Presentation on theme: "Brock Bastian ARC Future Fellow School of Psychology UNSW"— Presentation transcript:
1Brock Bastian ARC Future Fellow School of Psychology UNSW What happens when psychology, philosophy, and economics meet in the lab?Brock BastianARC Future FellowSchool of PsychologyUNSW
2Interdisciplinary experiments….why bother? By bringing different ideas and methods to bear on a problem we are better able to understand it.Different disciplines are better at different thingsE.g.,Philosophy is great for theories and ideasEconomics provides valuable insights into core drivers of behaviorPsychology has developed cutting edge approaches to behavioral experimentationBy bridging across these fields we are better able to provide important insights into social issues and human behavior
3Overview Part 1: The meat-paradox Part 2: Pain, justice, and chocolate Philosophy of mind meets psychology of food consumptionPart 2: Pain, justice, and chocolatePsychology of pain meets philosophy of justice and consumer behaviorPart 3: Love and moneyPsychology of group formation meets economic decision making
4Part 1: The meat-paradox 97% of Americans are meat-eaters;65% in India, the world’s least meat-eating nationIn 2010 the US meat industry processed 9 billion land animals with sales of $155 billion and salaries, taxes, and revenues accounting for 6% of the US GDP (approx. $864 billion; source American Meat Industry).Meat is an excellent source of protein that has been sought out by humans for millennia.BUTA vast majority of people find animal suffering offensive, emotionally disturbing, and potentially disruptive to their meat-eating habits.
6We generally do not like to think about where our meat comes from and how it gets to our plates
7When we do think about it, such reminders trigger moral outrage When we do think about it, such reminders trigger moral outrage. Of course it is much easier to be outraged when the injustices can be blamed on others rather than on ourselves
8Resolving the meat-paradox To resolve the meat paradox we downplay the mental lives of animalsThis makes animals seem less morally relevant and reduces our feelings of concern over their welfareWe enjoy eating meat, but we don’t like eating minds
12Facilitating behaviour Denying food animals minds should facilitate untroubled meat consumption and reduces negative affect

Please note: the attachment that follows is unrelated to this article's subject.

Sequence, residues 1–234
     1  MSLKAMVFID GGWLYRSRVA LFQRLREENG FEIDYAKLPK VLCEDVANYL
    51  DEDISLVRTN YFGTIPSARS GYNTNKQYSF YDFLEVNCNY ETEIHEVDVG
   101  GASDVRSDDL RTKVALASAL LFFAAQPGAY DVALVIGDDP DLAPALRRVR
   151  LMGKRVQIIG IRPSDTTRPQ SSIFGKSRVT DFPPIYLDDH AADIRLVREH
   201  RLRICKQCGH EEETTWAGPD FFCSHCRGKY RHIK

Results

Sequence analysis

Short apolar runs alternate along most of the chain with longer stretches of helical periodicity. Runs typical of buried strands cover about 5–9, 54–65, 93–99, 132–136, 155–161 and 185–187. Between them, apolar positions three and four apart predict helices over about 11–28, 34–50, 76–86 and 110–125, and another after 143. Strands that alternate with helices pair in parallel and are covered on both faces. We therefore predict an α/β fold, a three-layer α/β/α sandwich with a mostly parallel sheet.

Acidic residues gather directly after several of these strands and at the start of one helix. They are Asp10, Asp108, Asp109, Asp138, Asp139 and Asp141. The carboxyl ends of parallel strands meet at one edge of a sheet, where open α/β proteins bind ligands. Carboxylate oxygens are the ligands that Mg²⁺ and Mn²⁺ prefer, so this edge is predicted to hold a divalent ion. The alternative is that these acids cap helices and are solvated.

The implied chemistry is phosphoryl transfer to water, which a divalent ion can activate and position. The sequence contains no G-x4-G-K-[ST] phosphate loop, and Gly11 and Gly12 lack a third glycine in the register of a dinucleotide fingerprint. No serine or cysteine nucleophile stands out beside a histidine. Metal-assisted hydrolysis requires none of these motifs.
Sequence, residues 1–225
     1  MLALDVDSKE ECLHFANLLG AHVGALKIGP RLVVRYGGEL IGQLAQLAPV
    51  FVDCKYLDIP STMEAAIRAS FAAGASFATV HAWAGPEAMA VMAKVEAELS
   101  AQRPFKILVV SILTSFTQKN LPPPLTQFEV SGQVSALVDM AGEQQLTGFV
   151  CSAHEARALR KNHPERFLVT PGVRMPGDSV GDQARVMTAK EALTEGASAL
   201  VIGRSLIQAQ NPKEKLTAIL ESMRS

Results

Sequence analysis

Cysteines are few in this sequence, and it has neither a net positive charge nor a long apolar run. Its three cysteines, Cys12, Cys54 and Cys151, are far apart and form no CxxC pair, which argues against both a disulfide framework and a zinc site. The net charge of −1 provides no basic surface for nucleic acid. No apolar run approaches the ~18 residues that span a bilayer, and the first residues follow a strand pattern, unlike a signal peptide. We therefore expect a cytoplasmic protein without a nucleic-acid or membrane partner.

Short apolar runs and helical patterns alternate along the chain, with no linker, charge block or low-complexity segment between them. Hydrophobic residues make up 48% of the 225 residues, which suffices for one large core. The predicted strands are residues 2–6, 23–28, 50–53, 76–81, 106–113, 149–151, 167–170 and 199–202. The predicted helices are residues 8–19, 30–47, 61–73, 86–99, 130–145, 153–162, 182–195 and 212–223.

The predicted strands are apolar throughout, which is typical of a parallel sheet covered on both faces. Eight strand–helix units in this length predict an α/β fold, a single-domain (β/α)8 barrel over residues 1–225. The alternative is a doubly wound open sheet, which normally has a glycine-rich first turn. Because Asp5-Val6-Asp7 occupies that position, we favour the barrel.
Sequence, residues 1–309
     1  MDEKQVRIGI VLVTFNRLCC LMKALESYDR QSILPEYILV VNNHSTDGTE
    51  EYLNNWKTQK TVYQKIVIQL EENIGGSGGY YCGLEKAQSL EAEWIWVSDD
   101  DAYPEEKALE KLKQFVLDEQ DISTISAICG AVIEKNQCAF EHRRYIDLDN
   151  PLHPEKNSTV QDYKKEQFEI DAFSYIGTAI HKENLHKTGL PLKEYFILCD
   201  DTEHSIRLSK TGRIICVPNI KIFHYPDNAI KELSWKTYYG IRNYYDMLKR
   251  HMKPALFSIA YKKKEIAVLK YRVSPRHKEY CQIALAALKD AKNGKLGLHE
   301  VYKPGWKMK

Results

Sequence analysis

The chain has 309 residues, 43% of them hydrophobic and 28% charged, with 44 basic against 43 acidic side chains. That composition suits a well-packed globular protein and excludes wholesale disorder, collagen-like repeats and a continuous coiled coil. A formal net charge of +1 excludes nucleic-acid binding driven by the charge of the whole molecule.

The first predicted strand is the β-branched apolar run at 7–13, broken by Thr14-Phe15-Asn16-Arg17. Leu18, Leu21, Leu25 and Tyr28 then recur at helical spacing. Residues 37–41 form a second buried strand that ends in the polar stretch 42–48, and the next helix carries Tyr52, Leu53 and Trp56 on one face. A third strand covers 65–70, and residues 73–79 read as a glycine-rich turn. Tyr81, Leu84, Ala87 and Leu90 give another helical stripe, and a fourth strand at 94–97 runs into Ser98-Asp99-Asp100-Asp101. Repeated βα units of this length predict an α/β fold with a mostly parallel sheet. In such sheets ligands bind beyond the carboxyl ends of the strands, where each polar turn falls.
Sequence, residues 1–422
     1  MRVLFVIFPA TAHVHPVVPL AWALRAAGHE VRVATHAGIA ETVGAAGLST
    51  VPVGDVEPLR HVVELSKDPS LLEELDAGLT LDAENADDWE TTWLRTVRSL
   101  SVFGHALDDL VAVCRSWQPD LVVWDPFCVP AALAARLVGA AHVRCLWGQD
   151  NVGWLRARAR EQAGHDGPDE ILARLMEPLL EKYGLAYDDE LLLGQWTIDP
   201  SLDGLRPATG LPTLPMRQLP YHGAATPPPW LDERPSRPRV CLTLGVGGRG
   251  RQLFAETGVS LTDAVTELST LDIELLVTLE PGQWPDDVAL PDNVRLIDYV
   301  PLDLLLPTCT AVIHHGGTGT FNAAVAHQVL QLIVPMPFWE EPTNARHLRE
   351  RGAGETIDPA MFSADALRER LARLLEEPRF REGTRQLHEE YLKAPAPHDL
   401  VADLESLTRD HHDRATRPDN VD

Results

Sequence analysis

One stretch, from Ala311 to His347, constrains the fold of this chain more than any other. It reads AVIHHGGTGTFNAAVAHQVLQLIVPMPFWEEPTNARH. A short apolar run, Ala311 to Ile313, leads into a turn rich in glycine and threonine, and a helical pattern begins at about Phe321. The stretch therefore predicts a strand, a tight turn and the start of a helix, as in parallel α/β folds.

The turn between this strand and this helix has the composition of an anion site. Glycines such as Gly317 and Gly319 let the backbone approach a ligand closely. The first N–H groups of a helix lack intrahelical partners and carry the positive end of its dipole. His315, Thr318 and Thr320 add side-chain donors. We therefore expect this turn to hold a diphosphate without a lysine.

13Study 3: Behavioral commitment T1: Completed mind attribution taskPeople assigned to eat either beef/lamb or apples (N=128)T2: Completing Mind attribution task in view of food they expected to eatRated mood
16Study 4: Behaviour justification Participants were asked to eat either beef jerky (n=53) or cashew nuts (n=46).Select animals they felt moral concern for from a list of 27.Rate their moral concern for a cow (1- not at all; 7- very much).
18Part 2: Pain, justice, and chocolate The physical experience of pain may be linked to higher order concepts of justice and punishment.Pain is an early physical experience that is used to ground abstract moral conceptsE.g., Scaffolding (Williams, Huang, & Bargh, 2009)Pain grounds abstract concepts of punishment (Glucklich, 2001)Pain commonly used as punishment (spanking children, used as negative reinforcement – classical conditioning)Latin word for pain – poena – “to pay the penalty”Painful experiences activate justice related concepts
19Study 1: Pain and Justice Pain may be useful in the context of guilt?e.g. self-flagellationPain may resolve guilt?
20Study 1: Pain and Justice 3 conditions: “Unethical Pain” / “Unethical no-pain” / “Control Pain”Mental Acuity – ‘Unethical deed’ vs. ‘Everyday experience’PANAS T1Physical Acuity – Ice water vs. Warm waterPANAS T2We again tested this in the lab in a study on what we refer to as the Flagellation effectBastian, Jetten, & Fasoli. (2011). Psychological Science.